evidence and practice
Is patient information on palliative care good enough? A literature review and audit
Sally Taylor Research fellow, Christie Patient Centred Research, The Christie School of Oncology, The Christie NHS Foundation Trust, Manchester, England
Lucy Wyld Specialty registrar, University of Leeds, England
Lucy Ziegler Yorkshire cancer research academic fellow, University of Leeds, England
Michael I Bennett Professor of palliative medicine, University of Leeds, England
Aim Early access to palliative care can improve patients’ signs and symptoms and reduce hospital admissions. In the UK many palliative care referrals are made in the last weeks and days of life, which indicates there are barriers to timely integration. This study aims to understand the barriers to timely integration of palliative care for people with cancer and establish the level of patient information provision.
Method The study involved three stages: a literature review to identify barriers to referral, an audit of patient information resources available in adult oncology services across Yorkshire and Humber, and a critique of the identified information resources.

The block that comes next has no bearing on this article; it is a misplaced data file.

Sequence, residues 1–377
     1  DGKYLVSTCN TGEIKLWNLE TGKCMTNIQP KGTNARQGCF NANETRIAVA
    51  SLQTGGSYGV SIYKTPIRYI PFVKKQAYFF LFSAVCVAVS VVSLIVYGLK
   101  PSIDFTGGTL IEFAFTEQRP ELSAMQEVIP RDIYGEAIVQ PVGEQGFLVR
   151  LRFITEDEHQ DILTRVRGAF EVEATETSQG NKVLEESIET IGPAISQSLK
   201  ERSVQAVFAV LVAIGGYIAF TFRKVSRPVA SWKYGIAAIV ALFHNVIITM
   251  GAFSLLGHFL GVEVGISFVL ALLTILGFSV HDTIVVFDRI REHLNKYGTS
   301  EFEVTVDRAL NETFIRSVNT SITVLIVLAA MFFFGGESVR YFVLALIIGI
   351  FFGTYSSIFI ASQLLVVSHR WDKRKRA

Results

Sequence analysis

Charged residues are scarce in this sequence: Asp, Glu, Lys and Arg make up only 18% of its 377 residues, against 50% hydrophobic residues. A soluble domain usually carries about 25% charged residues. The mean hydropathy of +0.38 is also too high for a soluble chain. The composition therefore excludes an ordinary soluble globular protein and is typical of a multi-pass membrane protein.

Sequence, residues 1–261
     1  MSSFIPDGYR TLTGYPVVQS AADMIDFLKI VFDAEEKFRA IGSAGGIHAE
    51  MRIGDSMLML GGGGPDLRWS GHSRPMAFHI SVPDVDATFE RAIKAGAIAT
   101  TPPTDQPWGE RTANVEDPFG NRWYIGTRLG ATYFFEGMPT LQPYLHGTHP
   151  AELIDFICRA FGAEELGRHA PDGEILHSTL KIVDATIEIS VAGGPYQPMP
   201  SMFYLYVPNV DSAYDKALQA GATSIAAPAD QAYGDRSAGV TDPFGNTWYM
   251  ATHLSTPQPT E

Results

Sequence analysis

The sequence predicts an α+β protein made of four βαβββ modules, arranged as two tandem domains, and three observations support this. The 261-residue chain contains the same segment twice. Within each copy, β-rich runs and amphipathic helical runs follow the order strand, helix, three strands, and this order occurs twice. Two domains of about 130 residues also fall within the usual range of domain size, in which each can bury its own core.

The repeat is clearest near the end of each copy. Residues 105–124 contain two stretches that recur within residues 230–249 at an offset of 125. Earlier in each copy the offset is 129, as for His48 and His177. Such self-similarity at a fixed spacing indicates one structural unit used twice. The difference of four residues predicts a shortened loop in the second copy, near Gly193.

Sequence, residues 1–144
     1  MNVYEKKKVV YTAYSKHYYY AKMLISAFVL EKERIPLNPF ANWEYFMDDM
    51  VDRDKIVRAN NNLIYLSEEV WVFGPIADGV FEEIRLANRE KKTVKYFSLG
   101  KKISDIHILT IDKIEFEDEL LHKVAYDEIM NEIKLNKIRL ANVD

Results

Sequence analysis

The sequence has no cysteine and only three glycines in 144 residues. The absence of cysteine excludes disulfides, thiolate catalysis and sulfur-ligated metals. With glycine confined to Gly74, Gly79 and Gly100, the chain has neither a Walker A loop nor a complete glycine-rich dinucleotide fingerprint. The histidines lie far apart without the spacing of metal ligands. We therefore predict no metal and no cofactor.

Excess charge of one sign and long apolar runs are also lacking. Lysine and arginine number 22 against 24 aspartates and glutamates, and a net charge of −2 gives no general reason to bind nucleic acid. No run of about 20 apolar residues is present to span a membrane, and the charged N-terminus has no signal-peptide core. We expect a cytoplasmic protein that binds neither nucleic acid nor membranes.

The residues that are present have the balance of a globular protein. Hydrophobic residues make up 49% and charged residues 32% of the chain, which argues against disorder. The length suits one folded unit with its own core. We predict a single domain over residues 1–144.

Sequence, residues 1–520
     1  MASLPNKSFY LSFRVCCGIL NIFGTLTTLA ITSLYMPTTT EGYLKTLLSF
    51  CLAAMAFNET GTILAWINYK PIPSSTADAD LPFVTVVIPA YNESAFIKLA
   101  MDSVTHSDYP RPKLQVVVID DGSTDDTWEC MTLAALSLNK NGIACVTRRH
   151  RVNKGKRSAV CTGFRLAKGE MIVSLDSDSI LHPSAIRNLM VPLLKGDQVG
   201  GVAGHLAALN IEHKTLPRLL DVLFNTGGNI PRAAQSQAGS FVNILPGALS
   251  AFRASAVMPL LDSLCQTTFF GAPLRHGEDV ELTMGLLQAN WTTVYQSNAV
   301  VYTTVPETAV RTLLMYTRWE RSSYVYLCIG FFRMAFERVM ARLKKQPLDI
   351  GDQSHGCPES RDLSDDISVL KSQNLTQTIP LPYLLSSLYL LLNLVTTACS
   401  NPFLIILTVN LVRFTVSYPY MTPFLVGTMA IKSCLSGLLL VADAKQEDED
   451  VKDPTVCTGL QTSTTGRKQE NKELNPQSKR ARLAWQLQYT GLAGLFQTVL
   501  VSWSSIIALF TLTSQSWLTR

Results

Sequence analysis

Findings The literature review identified patient misconceptions about palliative care as a barrier to engagement with services. The regional audit found that information about palliative care is not widely available to cancer patients and the information provided does not address the misconceptions reported in the literature.
Conclusion There is a need to improve information for cancer patients that addresses known misconceptions about palliative care and to make this widely available in oncology departments. This information could support earlier integration of palliative care alongside oncology management by improving understanding of when and how palliative care may benefit patients.
Cancer Nursing Practice. doi: 10.7748/cnp.2018.e1506Citation
Taylor S, Wyld L, Ziegler L et al (2018) Is patient information on palliative care good enough? A literature review and audit. Cancer Nursing Practice. doi: 10.7748/cnp.2018.e1506Peer review
This article has been subject to external double-blind peer review and checked for plagiarism using automated softwareCorrespondence
This work was supported by the National Institute for Health Research under its Programme Grants for Applied Research programme, Improving the Management of Pain from Advanced Cancer in the Community (IMPACCT): [RP-PG-0610-10114]). The views expressed in this report are those of the authors and not necessarily those of the NHS, the National Institute for Health Research or the Department of Health
Published online: 14 August 2018